20 Opioids II Flashcards Preview

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Flashcards in 20 Opioids II Deck (17):
1

The benchmark opioid is _What component of pain does it mainly affect?What type of antagonist is it?

- Morphine- The motivational affective component of pain - It is not an antagonist. It is an AGONIST at the mu receptor

2

Where in the CNS does morphine mainly function?

Largely in the brain

3

Urinary retention, sedation, euphoria, respiratory depression, and miosis are all side effects of opioids. True or false?

True

4

- True or false: At neutral pH, majority of morphine is in the uncharged state. - What pharmacokinetic variable is affected by this?

- False. At neutral, approx 80% of morphine is charged. - Slow absorption across the membrane

5

- Why does morphine have a slow onset of action (3)? - Approximately for how long (hours) does a single does exert its actions?

- Slow onset because of 1) low lipid solubility, 2) slow entry into brain, also 3) charged at neutral pH - Approx. 4 hrs, onset of action at 15 mins

6

- What is the chemical moiety added to morphine during its metabolism? - Where does this addition occur? - What is the active metabolite (proportion)? - The inactive metabolite (proportion)?

- Glucuronide (Glucuronidation)- In Liver - Active - M-6-glucuronide (5-10%), - Inactive - M-3-glucuronide (75-85%)

7

What is the half life of morphine?

2 hrs

8

Which is more important consideration for the activity of morphine; liver disease or kidney disease? Why?

- Kidney disease. M-6-glucuronide is excreted by the kidney. If damaged, elevated plasma levels and prolonged drug action - Unless severe, liver disease has no effect on morphine pharmacokinetics

9

True or false: Opioid Analgesia does not vary much from patient to patient.

False - it is very variable (Pharmacodynamic variability)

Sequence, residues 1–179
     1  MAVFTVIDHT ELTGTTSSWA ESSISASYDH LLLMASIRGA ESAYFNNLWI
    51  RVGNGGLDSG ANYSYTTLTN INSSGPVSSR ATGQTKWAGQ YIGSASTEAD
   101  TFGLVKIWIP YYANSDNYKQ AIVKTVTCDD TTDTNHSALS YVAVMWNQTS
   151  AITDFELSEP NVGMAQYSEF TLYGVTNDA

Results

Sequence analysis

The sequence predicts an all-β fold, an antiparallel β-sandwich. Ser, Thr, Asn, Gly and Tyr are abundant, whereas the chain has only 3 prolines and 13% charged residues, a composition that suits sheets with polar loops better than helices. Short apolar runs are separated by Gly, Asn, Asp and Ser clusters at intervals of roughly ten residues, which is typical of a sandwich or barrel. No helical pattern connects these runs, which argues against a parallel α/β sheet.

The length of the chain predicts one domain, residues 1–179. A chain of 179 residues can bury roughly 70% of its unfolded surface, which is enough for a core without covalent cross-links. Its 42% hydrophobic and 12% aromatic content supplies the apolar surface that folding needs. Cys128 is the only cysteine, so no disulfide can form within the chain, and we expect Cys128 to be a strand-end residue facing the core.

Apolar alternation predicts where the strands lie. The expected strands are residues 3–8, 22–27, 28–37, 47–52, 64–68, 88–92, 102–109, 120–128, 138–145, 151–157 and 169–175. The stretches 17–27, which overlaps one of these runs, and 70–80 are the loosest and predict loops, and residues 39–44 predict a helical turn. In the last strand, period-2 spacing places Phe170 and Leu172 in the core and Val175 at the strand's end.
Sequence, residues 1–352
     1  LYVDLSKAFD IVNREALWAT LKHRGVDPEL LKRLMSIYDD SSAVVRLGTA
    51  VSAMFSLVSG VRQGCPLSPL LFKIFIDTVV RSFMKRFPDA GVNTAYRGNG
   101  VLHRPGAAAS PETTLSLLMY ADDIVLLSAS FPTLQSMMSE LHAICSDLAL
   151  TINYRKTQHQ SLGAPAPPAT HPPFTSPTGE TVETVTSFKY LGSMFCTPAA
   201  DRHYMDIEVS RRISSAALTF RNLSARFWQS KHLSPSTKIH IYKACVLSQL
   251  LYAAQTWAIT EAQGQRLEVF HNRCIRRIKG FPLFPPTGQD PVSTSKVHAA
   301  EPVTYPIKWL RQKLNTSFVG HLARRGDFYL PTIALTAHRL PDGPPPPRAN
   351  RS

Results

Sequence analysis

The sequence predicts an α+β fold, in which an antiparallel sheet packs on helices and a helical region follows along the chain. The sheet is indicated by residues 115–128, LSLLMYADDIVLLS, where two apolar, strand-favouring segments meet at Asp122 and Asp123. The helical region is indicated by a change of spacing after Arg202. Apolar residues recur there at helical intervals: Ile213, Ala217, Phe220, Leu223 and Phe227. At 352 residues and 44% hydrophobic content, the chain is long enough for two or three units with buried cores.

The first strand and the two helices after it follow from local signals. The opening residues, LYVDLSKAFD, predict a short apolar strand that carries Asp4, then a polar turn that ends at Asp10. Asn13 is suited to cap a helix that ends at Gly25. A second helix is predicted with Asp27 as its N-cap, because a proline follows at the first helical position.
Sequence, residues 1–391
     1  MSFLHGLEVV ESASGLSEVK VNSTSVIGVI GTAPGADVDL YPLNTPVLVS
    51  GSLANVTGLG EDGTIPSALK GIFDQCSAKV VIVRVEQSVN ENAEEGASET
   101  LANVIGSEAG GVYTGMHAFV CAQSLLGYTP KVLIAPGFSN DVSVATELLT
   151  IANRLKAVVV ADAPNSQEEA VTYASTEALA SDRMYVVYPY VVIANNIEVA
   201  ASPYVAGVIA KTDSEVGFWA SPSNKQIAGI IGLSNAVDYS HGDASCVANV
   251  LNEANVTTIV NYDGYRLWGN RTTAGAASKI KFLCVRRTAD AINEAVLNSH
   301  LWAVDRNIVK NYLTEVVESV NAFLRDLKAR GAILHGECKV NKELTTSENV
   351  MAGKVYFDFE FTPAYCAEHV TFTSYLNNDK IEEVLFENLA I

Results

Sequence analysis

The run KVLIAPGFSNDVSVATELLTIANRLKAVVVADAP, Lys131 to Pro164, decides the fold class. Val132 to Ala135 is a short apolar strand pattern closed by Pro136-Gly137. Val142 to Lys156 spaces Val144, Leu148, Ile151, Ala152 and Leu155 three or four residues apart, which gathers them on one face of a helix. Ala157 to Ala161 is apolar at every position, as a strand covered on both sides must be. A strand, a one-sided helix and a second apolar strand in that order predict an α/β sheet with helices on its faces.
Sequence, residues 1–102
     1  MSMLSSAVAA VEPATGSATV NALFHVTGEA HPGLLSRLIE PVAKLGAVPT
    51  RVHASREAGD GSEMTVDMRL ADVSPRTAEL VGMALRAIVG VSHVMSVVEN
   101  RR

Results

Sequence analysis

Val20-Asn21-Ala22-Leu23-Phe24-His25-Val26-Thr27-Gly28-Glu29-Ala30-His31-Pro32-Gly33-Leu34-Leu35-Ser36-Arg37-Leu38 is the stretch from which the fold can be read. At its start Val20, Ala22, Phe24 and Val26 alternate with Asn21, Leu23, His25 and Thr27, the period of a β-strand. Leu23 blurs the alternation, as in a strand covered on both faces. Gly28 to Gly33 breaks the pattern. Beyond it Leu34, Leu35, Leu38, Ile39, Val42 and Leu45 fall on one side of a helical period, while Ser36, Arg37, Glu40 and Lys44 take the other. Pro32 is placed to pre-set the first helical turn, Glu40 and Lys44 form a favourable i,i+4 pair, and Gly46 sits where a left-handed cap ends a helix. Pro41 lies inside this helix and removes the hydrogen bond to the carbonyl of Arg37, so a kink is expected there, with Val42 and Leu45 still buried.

10

What are the continuous release and slow release forms of morphine? What are they used for (2)?

- MS contin and Morphine SR- Chronic pain syndromes, cancer pain

11

How should an IV dose of morphine to altered to achieve the same PO dose? Why?

- 3-5 fold increase- Reduced bioavailability orally

12

What type of morphine can be administered directly into the spinal cord? What type of spinal cord administration should it be used for acute pain? Chronic pain?

- Morphine, preservative free- Acute pain - intrathecally or epidurally - Chronic - intrathecally

13

Among the major morphine side effects, which 2 are generally reduced with spinal administration compared to oral administration?

SedationRespiratory depression

14

What is a PCA? What is the advantage?

Patient controlled anesthesiaAllows patient to determine how much opioid they receive by allowing them to admin. small doses

15

How does M-6_glucuronide compare to morphine with regards to potency?

It is 10X more potent than morphine

16

What transporters in the kidney eliminate morphine?

Organic ion transporters

17

[Pick one option] Compared to other opioids, morphine is considered [fast/slow] acting and has a [short/long] duration.

Morphine is slow acting, has long duration